GRAND RAPIDS, Mich. — Having a baby is supposed to be a joyful time, but for black mothers across America, childbirth can quickly become a life and death situation.
Black moms are three times more likely to die during childbirth as their white counterparts. While that isn’t a new statistic, medical professionals are looking at a newer, tougher answer to a difficult problem.
In West Michigan, Spectrum Health is working to be part of that solution. A year ago, the hospital implemented a system to monitor blood loss during child birth.
"Women are going to bleed during delivery and postpartum, that's going to happen," said Dr. David Foster Colombo, Spectrum director of maternal fetal medicine. “But if you address it, give blood as needed and medication as needed, you can prevent the death from occurring.”
Postpartum hemorrhages, or excessive bleeding, is the leading cause of maternal death.
Rebecca Diffin had a postpartum hemorrhage after delivering her second child. She said she didn’t know what was happening in the moment, but realized it was serious when she saw the reactions of the people in the room.
"I could've been one of those statistics,” she said. “Why isn't this being talked about? Why don't more people know about this, and why don't we care?"
Diffin and her baby made it out alive, but it wasn’t until her third pregnancy that she started to realize a pattern. "There was never any communication from doctors to say, ‘So, we've seen your history that you've had this experience; we want to watch out for that and be concerned this is your third pregnancy,’” Diffin said. “There was nothing. No kind of conversation like that.”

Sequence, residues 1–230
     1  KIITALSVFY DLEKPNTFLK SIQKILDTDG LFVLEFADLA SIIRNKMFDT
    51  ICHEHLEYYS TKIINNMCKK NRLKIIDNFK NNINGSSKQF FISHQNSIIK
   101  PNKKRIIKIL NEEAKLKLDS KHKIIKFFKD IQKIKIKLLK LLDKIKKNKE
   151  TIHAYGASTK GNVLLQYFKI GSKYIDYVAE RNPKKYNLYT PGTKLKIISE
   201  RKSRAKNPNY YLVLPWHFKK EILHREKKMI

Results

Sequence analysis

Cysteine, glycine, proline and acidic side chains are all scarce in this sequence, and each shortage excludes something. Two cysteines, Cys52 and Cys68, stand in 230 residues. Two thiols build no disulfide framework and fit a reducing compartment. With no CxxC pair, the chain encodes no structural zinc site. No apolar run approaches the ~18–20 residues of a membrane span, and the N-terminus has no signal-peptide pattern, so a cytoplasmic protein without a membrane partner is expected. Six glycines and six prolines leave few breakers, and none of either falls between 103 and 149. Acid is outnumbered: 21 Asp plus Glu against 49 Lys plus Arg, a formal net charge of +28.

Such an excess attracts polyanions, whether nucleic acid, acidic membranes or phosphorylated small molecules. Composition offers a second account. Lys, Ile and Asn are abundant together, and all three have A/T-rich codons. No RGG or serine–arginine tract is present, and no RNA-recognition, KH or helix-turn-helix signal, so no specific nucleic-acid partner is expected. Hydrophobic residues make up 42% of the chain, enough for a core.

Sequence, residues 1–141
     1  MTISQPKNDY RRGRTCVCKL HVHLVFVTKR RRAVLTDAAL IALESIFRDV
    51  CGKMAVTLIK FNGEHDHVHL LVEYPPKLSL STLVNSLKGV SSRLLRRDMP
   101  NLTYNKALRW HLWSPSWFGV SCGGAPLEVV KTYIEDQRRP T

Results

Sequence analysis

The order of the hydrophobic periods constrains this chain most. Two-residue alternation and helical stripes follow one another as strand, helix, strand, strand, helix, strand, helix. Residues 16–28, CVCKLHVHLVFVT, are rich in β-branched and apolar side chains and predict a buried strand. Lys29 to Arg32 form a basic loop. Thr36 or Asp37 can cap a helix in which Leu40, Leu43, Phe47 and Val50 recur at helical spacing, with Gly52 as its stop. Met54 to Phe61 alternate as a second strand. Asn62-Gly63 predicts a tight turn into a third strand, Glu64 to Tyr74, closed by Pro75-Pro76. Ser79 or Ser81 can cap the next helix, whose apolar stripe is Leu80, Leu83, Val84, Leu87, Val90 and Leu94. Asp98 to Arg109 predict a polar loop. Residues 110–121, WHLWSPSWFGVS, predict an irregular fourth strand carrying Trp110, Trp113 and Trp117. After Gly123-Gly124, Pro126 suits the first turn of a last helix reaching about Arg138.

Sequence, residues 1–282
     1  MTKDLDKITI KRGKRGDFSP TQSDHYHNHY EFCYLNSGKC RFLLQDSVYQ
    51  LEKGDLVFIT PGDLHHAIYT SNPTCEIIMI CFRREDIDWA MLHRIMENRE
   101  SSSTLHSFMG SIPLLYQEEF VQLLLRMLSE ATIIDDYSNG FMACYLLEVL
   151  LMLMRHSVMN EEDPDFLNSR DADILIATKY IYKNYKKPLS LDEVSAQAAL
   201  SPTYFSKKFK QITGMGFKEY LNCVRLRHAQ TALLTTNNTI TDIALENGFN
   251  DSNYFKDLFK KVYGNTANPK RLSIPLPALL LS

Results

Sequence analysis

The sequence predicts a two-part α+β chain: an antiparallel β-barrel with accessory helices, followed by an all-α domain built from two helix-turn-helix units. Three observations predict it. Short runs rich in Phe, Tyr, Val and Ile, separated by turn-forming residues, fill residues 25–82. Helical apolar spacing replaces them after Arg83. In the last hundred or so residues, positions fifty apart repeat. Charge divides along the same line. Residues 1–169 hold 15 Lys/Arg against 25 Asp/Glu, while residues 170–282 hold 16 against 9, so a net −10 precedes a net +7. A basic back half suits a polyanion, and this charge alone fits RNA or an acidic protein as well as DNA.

She says doctors didn’t listen to her concerns, which is a factor that could be contributing to black women being three times as likely to die giving birth.
When Jordan Ebanaya delivered her first child, she dealt with postpartum preeclampsia, and she says her doctors didn’t listen to her.
"My blood pressure was 200 over 100 and something and was told repeatedly by a doctor in the ER that my blood pressure wasn't the problem, that I had a bad headache and that was making my blood pressure rise," she said. "We don't often get the respect that we need from our doctors … when we say there's something wrong.”
Colombo says it’s a problem they have noticed and are hoping to change.
"When people really look at the issue, what they found is there may be some social bias toward one race over another," he said.
However, he said biases aren’t likely to be the only reason black women are dying at elevated rates, and investigation needs to continue into the cause.
Meanwhile, he encourages women to be their own best advocates.
Ebanaya is working with Western Michigan University to address the issue, you can find out more information about her research here. The Michigan Department of Health and Human Services has had a task force for the last few years and continues to work towards a solution. They're holding a meeting Wednesday, you can find more information here.